Thailand’s first cannabis clinic opened on Monday (Jan 6) and was flooded with patients after the country became the first in Asia to legalise medicinal use of the drug.
Hundreds of patients converged on the government run facility in Bangkok – which already has a waiting list of more than 2,000.
The pilot clinic, based in the Ministry of Public Health, expects to see between 200 to 300 patients daily.
Public Health Minister Anutin Charnvirankul said today that patients would receive free treatment for the first two weeks. He said: ”This is a pilot clinic, because we cannot produce enough doctors with expertise in cannabis.”
The Southeast Asian country legalised marijuana for medical use and research in 2017. While in 2019 it removed cannabis and hemp extracts from its banned drugs list and pushed laws allowing each household to grow up to six plants.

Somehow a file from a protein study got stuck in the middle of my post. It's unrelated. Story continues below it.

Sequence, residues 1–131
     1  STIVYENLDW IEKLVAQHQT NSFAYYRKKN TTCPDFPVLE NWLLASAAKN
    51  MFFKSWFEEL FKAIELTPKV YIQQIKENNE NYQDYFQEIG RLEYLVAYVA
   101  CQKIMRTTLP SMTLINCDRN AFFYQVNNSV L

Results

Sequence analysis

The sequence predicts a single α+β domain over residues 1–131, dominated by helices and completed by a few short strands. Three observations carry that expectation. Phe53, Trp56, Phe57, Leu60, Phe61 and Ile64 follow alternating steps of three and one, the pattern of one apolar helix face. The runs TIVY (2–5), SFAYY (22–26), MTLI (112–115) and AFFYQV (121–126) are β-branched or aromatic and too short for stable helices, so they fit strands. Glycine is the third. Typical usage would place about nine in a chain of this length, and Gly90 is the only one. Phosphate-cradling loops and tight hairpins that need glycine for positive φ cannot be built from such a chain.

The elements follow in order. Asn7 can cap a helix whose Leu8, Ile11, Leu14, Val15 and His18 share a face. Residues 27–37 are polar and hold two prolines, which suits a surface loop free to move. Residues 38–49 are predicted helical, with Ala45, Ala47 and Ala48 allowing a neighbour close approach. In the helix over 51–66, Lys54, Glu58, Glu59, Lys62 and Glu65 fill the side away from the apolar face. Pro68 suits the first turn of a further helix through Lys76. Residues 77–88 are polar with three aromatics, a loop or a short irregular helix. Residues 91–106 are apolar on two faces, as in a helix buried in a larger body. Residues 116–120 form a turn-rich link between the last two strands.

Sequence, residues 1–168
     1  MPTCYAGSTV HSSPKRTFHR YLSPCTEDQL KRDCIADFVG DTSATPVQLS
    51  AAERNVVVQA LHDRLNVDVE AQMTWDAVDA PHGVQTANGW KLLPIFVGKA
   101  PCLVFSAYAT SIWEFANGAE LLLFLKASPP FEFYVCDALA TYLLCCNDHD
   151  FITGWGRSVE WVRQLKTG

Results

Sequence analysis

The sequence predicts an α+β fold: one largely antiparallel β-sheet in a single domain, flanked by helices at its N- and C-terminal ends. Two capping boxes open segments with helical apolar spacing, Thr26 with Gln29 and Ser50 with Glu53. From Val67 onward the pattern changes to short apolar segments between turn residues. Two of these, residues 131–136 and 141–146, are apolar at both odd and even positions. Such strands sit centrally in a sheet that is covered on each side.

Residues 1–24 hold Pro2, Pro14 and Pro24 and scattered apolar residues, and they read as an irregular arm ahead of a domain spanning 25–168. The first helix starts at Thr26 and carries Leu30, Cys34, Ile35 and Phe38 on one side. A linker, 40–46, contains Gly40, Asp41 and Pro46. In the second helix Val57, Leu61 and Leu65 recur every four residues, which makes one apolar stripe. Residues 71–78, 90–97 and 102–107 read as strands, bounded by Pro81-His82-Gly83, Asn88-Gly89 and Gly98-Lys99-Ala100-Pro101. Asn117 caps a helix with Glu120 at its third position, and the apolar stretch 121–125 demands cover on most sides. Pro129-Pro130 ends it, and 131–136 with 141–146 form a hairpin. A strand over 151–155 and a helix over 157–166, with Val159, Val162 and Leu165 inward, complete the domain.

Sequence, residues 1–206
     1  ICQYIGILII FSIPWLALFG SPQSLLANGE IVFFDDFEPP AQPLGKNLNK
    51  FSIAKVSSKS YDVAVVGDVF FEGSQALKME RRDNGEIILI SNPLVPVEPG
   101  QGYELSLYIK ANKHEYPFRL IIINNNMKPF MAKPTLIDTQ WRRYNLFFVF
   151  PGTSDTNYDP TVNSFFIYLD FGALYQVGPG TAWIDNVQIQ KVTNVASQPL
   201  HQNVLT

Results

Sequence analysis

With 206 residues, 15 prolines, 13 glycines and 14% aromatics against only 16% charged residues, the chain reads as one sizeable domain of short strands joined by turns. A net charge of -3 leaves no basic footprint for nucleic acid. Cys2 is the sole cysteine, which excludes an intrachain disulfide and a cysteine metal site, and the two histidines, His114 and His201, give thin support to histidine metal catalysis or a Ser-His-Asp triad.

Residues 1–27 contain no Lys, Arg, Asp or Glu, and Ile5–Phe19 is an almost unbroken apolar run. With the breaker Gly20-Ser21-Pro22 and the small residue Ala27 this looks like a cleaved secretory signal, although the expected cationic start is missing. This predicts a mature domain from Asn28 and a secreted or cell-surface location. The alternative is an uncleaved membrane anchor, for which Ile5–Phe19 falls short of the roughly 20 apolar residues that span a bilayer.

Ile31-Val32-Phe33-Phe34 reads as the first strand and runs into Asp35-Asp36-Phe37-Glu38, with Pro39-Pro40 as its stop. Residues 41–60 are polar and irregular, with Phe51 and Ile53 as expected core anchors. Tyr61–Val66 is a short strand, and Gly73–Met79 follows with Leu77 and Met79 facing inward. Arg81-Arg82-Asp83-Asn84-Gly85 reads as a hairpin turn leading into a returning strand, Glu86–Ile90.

In a protectionist move to boost the country’s economy, only domestic drugs firms and farmers will be able to supply the country’s network of clinics.
Health Minister Anutin Charnvirankul said there were already around two dozen smaller non-specialist cannabis centres that form part of general hospitals that see patients sporadically.
But the clinic he opened today (Jan 6) is the first one that will be the first full-time facility staffed by doctors who are experts in medicinal marijuana, he said.
Thailand plans to open 77 similar clinics in the future – one in each of its provinces.